What do I need to do to hire my first employee?

Hiring process

Hiring your first employee marks a significant step in your business journey. It requires a blend of strategic planning and meticulous adherence to legal obligations. This article will walk you through each step of the process, focusing on the practical and legal aspects relevant to Florida-based businesses.

1. Define the Role

Practical Steps:

  • Assess Business Needs: Take a deep dive into your current business operations to pinpoint exactly why you need an employee and what gap they will fill. This helps in tailoring the job description to attract candidates who are a good fit for the role.
  • Craft a Detailed Job Description: Your job description should go beyond just listing duties; it should outline the day-to-day responsibilities, required qualifications, skills, and any specific software or tools the candidate should be proficient in. Also, include information about the work environment and company culture.

Example: For a tech startup in Tampa, you might need a software developer proficient in specific programming languages, who will also contribute to product development meetings and collaborate with the design team.

2. Legal Obligations and Considerations

Florida-Specific Steps:

  • Employer Identification Number (EIN): An EIN is mandatory for all employers and is used for reporting taxes to the IRS. The process is straightforward and can be completed online through the IRS website.
  • Register for Florida Reemployment Tax: Any business in Florida paying over $300 in wages within a calendar quarter must register for the Reemployment Tax. This is Florida's version of unemployment insurance. Registration can be done online through the Florida Department of Revenue.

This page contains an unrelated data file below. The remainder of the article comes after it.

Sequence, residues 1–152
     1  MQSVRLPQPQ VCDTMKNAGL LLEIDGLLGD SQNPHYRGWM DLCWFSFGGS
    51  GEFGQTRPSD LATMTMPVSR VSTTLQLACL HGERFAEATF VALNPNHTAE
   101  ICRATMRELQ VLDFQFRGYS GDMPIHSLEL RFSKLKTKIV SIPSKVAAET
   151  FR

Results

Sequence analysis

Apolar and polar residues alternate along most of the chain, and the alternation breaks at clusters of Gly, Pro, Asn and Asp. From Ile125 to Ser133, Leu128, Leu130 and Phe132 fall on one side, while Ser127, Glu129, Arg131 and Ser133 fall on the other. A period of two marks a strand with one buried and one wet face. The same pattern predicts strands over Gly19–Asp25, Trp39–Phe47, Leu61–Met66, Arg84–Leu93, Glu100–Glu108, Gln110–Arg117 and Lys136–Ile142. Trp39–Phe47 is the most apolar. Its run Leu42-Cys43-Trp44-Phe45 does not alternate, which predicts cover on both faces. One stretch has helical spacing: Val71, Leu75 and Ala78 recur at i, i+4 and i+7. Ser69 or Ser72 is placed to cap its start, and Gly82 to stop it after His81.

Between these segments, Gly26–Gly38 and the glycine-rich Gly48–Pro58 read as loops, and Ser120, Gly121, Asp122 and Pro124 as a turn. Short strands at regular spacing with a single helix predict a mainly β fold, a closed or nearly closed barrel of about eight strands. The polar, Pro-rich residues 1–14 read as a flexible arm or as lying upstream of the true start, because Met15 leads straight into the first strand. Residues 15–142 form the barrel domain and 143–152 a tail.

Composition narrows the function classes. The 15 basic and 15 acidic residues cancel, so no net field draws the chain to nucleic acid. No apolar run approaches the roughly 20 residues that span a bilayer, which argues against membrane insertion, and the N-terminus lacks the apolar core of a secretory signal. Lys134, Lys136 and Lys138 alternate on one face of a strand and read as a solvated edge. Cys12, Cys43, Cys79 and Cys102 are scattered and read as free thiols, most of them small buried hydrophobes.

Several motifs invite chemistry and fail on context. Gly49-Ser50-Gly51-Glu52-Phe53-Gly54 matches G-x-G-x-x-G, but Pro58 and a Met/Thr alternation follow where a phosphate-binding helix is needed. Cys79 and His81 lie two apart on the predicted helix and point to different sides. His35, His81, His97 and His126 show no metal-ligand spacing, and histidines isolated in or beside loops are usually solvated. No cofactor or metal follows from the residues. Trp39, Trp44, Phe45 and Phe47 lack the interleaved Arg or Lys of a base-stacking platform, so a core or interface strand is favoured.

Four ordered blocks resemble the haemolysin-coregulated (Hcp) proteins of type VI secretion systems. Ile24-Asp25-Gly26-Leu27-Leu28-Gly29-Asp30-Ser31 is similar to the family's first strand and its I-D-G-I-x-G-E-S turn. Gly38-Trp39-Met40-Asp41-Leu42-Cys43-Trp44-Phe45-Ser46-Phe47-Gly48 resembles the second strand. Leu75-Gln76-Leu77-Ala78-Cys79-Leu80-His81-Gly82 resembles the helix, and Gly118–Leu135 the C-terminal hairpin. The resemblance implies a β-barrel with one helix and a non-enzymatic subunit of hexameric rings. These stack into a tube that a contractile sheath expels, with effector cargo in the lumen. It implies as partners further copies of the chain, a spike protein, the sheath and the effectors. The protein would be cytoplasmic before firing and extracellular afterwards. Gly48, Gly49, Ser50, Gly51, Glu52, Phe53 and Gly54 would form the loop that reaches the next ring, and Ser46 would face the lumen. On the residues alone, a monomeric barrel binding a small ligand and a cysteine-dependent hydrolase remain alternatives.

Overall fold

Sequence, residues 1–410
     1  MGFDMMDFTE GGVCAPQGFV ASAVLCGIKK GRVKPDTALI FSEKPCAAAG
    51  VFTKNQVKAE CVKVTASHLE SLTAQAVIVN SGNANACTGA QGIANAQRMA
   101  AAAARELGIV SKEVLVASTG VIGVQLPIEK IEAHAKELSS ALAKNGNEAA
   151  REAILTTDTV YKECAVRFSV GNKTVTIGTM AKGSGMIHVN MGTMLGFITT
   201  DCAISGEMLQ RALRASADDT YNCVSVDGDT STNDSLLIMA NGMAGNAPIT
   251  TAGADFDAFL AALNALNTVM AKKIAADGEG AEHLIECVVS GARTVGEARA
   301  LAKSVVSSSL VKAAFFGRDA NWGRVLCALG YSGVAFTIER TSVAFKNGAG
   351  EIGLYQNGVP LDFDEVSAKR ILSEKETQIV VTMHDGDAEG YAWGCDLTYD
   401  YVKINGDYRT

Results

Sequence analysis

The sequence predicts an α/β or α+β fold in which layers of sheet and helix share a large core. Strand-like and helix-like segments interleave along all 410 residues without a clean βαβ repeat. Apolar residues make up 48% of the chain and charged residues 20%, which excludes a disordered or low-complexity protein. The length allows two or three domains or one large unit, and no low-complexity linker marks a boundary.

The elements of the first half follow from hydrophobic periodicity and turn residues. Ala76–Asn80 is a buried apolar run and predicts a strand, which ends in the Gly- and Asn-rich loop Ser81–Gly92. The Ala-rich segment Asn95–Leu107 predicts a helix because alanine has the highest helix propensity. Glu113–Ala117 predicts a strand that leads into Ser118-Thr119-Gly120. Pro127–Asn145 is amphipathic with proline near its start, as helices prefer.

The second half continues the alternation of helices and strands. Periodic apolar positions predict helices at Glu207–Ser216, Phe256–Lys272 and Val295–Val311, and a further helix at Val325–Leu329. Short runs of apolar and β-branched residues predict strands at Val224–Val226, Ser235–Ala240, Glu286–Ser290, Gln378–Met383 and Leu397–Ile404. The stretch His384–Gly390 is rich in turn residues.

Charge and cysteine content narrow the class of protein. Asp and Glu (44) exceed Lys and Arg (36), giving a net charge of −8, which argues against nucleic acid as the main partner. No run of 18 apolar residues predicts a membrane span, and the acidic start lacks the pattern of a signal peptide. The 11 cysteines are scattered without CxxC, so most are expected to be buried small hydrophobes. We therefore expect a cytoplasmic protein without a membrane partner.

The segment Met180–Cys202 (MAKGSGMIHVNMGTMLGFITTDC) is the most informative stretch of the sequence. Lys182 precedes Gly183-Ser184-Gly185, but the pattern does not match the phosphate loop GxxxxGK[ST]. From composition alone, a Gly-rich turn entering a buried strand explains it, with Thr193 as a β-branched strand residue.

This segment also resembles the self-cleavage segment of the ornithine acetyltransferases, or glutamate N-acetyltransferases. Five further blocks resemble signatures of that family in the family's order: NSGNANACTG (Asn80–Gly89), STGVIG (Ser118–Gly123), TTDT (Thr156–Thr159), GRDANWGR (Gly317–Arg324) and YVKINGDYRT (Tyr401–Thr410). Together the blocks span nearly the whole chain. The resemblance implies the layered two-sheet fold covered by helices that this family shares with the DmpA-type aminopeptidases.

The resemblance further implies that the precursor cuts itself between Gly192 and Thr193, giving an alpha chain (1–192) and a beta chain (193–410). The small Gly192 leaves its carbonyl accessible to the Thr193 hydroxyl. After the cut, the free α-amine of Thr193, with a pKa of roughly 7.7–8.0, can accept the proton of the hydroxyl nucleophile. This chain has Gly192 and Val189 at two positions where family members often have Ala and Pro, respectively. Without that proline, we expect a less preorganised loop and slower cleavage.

• Compliance with Florida Labor Laws: It’s crucial to understand laws around minimum wage, overtime, and breaks to ensure compliance. Florida’s minimum wage is subject to annual adjustments based on inflation. As of my last update, make sure to verify the current rate.

3. Financial Planning

Practical Steps:

  • Budgeting for Additional Costs: Beyond salary, budget for employer contributions to social security and Medicare, unemployment taxes, and any benefits you plan to offer. Since Florida does not have a state income tax, this simplifies payroll processing somewhat but doesn't eliminate other tax considerations.
  • Payroll System Setup: Choosing between in-house payroll processing or an external payroll service provider depends on your business size and complexity. These systems can automate tax withholdings, wage reporting, and end-of-year tax forms for your employees.

Example: Small businesses might find external payroll services like ADP or QuickBooks Payroll beneficial for their comprehensive features and compliance support.

4. Recruitment Process

Practical Steps:

  • Effective Job Posting: Utilize both broad and niche job boards to post your listing. Including industry-specific boards can help in reaching candidates with the desired expertise.
  • Structured Interview Process: Create a consistent interview process to fairly evaluate all candidates. This includes preparing a set of questions that align with the job requirements and using a scoring system to objectively assess candidates’ responses.